The Transfiguration of Jesus (Matthew 17:1-8, Mark 9:2-8 and Luke 9:28-36), commemorated annually on August 6th, is perhaps mistakenly thought of as a single event. Jesus prayed frequently to his heavenly Father without the apostles presence. On those intimate occasions, Jesus could have experienced transfiguration. Could the inclusion of one such occasion in the Gospels be to teach us that, through our transfiguration, Evil can be disarmed?
Do you recall any reference, when celebrating Jesus' Transfiguration on August 6th, to the Baptised's ongoing pilgrimage of transfiguration? For, by virtue of our Baptism, we are engaged upon a daily and lifelong battle to reclaim the innate holiness with which we were gifted, through the power of the Spirit. The battleground of this transfiguring reclamation is the cutting edge of life here on earth where God and Satan are conflicted.
In recent months, the media has featured remembrances of World wars, each with their dates of commencement and termination. On this earth, the war with Evil is ceaseless. The media often tags particularly horrific acts of death and injury with the word 'Evil', as if they are one-offs. Whereas, these horrific outbursts of evil are but momentary glimpses of the continuous battle Satan wages here, for this is his kingdom (1 John 5:19), against God's elect.

At our Baptism, after the water was poured on our foreheads and the words were spoken, each of us was anointed on the crown of our head with the holy Oil of Chrism. The accompanying prayer has these words:
"God the Father of our Lord Jesus Christ has freed you from sin and given you a new birth by water and the Holy Spirit and welcomed you into his holy people. He now anoints you with the Chrism of salvation. As Christ was anointed Priest, Prophet and King, so may you live always as a member of his body, sharing everlasting life."

The words "As Christ was anointed Priest, Prophet and King, so may you live always as a member of His body" tell us that the grace of Baptism enables our continuing transfiguration, if we willingly collaborate with the Holy Spirit. We share in Christ's Priesthood by the daily offering we make of our self, as we live our vocation be it as spouse, parent, refuse collector, teacher etc, on behalf of humanity. We share in Christ's Prophetical role by speaking the Truth, as taught by Jesus, to all people irrespective of the consequences. We share in Christ's Kingly role by our commitment to servant-leadership both within our community and in wider society.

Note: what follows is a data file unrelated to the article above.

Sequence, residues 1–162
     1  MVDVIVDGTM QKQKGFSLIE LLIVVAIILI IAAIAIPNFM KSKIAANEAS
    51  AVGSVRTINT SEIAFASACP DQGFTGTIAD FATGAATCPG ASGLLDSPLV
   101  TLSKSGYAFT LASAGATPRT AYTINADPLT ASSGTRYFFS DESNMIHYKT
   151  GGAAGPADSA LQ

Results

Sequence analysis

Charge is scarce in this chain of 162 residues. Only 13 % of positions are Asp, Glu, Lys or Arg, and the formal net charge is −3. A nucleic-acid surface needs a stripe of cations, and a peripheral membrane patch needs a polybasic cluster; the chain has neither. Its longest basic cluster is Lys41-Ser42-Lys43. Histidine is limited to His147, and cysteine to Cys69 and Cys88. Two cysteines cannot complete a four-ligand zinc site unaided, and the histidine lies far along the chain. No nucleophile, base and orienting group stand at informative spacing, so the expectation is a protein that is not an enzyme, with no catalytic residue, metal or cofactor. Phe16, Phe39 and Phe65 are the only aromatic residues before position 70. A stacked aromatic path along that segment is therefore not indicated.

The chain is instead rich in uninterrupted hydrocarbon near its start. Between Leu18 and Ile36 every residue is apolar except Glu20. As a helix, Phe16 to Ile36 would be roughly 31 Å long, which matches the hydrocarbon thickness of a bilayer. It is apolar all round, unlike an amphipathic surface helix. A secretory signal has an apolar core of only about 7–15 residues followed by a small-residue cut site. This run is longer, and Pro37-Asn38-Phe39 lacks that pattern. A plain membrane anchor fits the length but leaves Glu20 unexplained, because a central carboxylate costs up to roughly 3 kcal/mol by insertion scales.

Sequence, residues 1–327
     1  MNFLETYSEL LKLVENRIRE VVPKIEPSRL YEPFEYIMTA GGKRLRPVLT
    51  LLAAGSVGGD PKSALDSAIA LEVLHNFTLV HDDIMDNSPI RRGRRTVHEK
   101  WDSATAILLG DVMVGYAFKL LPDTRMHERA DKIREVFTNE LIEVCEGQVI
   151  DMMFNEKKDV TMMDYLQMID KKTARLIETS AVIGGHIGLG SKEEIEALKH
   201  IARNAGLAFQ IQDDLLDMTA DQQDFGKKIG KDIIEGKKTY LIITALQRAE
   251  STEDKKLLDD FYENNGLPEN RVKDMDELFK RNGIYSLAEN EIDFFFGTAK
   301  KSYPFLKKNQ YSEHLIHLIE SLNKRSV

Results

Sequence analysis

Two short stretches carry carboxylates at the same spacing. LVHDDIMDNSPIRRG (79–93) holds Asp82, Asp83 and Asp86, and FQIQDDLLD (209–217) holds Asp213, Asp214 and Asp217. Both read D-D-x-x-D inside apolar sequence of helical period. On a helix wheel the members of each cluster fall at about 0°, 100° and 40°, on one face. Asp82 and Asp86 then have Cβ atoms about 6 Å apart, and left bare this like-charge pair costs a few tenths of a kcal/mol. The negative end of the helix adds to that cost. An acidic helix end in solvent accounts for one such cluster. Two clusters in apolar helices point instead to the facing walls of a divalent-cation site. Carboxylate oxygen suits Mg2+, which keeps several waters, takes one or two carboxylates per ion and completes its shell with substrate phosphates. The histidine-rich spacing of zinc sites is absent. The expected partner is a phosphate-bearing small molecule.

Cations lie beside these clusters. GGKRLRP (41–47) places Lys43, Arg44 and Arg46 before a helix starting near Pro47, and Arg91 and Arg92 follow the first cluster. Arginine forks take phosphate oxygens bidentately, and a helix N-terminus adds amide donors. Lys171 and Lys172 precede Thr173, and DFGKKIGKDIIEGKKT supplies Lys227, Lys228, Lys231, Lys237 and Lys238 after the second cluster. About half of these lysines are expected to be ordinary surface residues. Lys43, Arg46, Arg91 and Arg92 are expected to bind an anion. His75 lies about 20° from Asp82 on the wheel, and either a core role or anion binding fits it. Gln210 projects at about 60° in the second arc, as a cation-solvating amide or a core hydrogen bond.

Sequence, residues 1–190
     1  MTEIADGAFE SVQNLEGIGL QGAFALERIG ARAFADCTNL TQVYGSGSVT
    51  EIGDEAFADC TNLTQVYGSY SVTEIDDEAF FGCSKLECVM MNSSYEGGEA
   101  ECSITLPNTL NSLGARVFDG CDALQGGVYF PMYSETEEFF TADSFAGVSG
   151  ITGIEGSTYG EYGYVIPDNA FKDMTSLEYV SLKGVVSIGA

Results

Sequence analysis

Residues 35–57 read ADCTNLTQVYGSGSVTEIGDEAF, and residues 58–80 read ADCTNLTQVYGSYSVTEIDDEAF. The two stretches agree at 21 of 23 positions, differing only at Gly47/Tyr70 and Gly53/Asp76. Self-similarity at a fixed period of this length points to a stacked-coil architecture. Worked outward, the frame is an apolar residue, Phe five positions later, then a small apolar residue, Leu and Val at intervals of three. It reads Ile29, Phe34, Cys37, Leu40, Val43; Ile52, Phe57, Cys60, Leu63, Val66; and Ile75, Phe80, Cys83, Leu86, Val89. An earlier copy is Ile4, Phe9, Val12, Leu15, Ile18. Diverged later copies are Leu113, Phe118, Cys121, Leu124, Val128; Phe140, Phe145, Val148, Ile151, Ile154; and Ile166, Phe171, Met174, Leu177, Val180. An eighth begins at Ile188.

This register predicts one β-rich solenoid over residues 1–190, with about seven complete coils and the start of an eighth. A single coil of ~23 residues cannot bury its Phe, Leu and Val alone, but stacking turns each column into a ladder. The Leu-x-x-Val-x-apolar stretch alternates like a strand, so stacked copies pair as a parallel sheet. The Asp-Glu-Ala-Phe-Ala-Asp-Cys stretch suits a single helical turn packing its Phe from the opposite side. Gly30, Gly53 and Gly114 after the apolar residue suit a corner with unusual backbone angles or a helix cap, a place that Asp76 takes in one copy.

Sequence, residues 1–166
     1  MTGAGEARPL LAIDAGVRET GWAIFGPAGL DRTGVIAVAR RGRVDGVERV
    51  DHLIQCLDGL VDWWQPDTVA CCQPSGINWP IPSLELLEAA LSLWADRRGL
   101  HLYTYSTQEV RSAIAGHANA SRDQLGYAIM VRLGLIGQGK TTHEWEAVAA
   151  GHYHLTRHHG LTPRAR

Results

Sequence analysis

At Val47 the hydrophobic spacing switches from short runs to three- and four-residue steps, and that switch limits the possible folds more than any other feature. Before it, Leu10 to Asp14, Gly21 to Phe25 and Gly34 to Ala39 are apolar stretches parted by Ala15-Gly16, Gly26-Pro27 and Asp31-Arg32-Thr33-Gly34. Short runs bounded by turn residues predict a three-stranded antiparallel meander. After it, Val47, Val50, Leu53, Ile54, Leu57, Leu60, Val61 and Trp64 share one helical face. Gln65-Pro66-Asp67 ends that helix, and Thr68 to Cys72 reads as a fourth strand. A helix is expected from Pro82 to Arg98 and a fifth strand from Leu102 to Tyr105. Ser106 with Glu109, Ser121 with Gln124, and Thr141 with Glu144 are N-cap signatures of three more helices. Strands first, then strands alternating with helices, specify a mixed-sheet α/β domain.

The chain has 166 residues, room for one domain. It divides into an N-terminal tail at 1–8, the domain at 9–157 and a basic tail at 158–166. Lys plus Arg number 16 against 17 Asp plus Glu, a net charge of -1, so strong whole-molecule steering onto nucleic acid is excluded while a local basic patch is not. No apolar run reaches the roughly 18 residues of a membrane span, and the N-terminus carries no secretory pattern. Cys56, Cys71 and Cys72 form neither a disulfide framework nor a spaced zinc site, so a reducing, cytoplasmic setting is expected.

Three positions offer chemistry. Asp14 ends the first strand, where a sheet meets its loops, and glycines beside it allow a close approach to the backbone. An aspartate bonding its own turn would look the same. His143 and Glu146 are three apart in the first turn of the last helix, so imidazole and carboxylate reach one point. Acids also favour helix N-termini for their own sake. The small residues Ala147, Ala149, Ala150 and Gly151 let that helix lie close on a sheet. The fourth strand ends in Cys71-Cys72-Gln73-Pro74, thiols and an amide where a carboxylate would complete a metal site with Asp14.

Jesus was engaged in bringing about our redemption from his conception to his last breath, thirty something years later. The Baptised are called to unite with Jesus, in a process of continuous transfiguration, for the salvation of humanity. Jesus' battles with Satan, referenced throughout the Gospels for example in Luke (4:1-13), are to show us that we should expect nothing less.

Each new day calls us, as the Baptised, to renew, in our heart and soul, our deliberate choice to live these charisms of Christ, Priest, Prophet and King, in union with the Holy Spirit. As with Christ, the first pilgrim on this path of human transfiguration, we have no need of uniform or emblems. Neither have we need of ranks of superiority, for all are equal in the sight of God. As has been painfully shown in the history of the Church, both historical and contemporary, the true embracing of holiness has little to do with religious garb, clerical collars or episcopal mitres.
This Sunday's Second Reading is an extract from St. Paul's first letter to his Corinthian converts (3: 16ff.) in which he wrote:
"Brothers and sisters,
You are God's building…. Do you not know that you are the temple of God, and that the Spirit of God dwells in you? If anyone destroys God's temple, God will destroy that person; for the temple of God, which you are, is holy."

The Incarnation of Jesus brought the holiness of God to desecrated human nature that, of itself, had no means of transfiguration. Like those first apostles and disciples, we too have to learn, through innumerable and costly mistakes, how to surrender our sinfulness to the One who:
"will transfigure these wretched bodies of ours into copies of His glorious body. He will do that by the same power with which He can subdue the whole universe." (Philippians 3:21)
Individually, we are infinitesimally small in the great order of things. Nevertheless, we are individually important in God our Father's mosaic of Life that is eternal.